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Energy Consultants Fail to Provide Funding Information

August 22, 2013 By Linda Hardesty

Noesis survey coverAccording to a survey conducted by Noesis Energy, the primary reasons why energy-efficiency projects are not getting approved are i) the inability to get funding; and ii) uncertainty about savings estimates.

Noesis’ recent Energy Project Survey, which received responses from 476 energy managers and energy consultants in the commercial and industrial sector, found that energy managers have good success rates, with 36 percent of them securing approval for half or more of their projects, and 75 percent getting approval of at least one in four projects. But consultants do not fare so well, even though they are originating more proposals. Half of the consultants surveyed report less than one in four of their projects get the green light.

For those projects not approved, more than half the time, “not budgeted” is cited as the reason. One-quarter of the projects are derailed by a “lack of certainty” of their estimated savings.

Other survey highlights:

  • More than 50 percent of consultants propose 11 or more energy projects per year, with 32 percent pitching 25 or more projects. This compares with 75 percent of energy managers, who propose less than 10 projects per year.
  • Nearly half of the energy projects proposed are valued between $50,000 and $250,000. Taken in conjunction with the number of projects managers and consultants report, these energy professionals are pitching millions of dollars on energy-efficiency expenditures.
  • With funding emerging as the top reason for project rejection, Noesis asked whether third-party financing, such as leases or energy savings agreements, was included in the proposal. Only 10 percent of consultants include financing all of the time, while 43 percent never include it. Meanwhile, 60 percent of energy managers do not include financing in their proposals.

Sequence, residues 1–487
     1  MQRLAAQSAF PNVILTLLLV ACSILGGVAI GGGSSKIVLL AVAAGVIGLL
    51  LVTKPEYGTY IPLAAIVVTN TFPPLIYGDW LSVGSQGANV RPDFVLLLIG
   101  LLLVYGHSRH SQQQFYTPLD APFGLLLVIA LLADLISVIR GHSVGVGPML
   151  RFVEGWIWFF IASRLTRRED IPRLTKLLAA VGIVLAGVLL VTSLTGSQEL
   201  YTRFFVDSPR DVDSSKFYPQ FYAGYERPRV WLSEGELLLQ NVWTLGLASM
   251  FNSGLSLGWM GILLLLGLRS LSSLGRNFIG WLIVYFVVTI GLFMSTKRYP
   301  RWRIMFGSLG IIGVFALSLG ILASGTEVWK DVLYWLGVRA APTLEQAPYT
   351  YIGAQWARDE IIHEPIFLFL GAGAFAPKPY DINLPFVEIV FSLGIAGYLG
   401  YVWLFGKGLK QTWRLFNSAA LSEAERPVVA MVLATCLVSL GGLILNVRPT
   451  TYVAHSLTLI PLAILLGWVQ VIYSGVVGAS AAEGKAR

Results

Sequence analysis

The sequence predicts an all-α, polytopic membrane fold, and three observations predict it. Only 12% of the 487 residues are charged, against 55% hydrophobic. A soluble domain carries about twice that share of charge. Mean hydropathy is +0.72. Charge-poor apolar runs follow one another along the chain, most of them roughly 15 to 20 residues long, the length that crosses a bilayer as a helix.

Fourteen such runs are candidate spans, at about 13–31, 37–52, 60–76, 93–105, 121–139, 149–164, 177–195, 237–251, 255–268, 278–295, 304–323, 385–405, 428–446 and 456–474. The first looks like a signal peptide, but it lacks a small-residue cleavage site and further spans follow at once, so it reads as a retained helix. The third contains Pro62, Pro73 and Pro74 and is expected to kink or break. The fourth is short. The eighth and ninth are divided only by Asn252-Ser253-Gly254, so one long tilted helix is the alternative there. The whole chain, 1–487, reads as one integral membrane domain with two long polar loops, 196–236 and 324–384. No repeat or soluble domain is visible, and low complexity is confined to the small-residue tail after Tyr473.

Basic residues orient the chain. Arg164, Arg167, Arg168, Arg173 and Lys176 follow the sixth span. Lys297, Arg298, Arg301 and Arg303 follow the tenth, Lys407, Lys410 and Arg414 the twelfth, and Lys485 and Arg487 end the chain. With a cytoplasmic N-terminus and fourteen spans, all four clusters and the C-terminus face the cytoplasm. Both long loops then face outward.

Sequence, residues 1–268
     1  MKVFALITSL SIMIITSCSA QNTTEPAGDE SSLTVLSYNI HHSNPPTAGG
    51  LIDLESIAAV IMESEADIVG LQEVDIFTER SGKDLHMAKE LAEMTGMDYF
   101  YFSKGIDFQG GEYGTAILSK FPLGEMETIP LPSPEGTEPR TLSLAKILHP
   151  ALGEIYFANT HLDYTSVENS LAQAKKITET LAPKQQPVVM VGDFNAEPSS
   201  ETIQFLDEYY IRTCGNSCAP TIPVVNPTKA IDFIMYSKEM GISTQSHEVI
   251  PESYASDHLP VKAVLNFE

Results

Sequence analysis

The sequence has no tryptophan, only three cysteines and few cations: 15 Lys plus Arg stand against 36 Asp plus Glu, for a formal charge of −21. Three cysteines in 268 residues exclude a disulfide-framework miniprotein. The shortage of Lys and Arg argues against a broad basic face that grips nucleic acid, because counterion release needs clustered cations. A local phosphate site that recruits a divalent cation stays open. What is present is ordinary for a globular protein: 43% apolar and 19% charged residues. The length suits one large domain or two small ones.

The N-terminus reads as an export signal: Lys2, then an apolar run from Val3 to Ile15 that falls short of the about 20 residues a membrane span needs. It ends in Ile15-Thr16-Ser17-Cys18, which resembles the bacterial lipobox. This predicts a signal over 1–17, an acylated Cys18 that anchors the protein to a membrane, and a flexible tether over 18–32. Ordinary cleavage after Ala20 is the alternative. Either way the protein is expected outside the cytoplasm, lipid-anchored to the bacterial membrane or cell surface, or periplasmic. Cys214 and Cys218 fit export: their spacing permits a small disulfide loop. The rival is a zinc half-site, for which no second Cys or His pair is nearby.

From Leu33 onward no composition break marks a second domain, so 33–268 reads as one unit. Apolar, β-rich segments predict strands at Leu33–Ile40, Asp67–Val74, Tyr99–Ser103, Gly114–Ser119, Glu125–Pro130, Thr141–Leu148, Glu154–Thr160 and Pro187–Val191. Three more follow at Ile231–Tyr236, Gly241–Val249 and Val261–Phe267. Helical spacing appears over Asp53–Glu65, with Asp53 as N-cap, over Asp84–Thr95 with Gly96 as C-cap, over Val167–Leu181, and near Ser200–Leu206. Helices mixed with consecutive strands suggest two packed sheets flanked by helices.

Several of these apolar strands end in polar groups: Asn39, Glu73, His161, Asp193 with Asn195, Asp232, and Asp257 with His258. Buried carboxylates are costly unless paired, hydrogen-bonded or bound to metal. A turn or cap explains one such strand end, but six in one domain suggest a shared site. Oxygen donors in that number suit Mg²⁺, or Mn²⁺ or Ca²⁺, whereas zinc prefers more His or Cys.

• Why not include financing? 56 percent of energy managers say they don’t need it because they aim to fund projects internally. For energy consultants, 68 percent said that they don’t know enough about financing options, or don’t have the time to research and find them.
  • Tracking energy performance is becoming more commonplace. The majority of those surveyed require that savings be tracked at least some of the time, with 65 percent of energy managers requiring it most or all of the time.

To close the gap between projects in need of funding and appropriate financing, Noesis launched a matchmaking service to connect building managers and owners wanting to invest in energy-efficiency projects with financing companies that specialize in loans for such projects.

Noesis’ first annual Energy Project Survey conducted in June and July looked at the number of projects proposed, their average size, approval success rate, reasons for not getting approval, the role of financing options, and importance of tracking energy savings to justify and reinforce the investments. Professionals surveyed included corporate managers (such as energy managers, facility managers and sustainability directors), external consultants and auditors, and manufacturers and resellers of energy-efficiency products.



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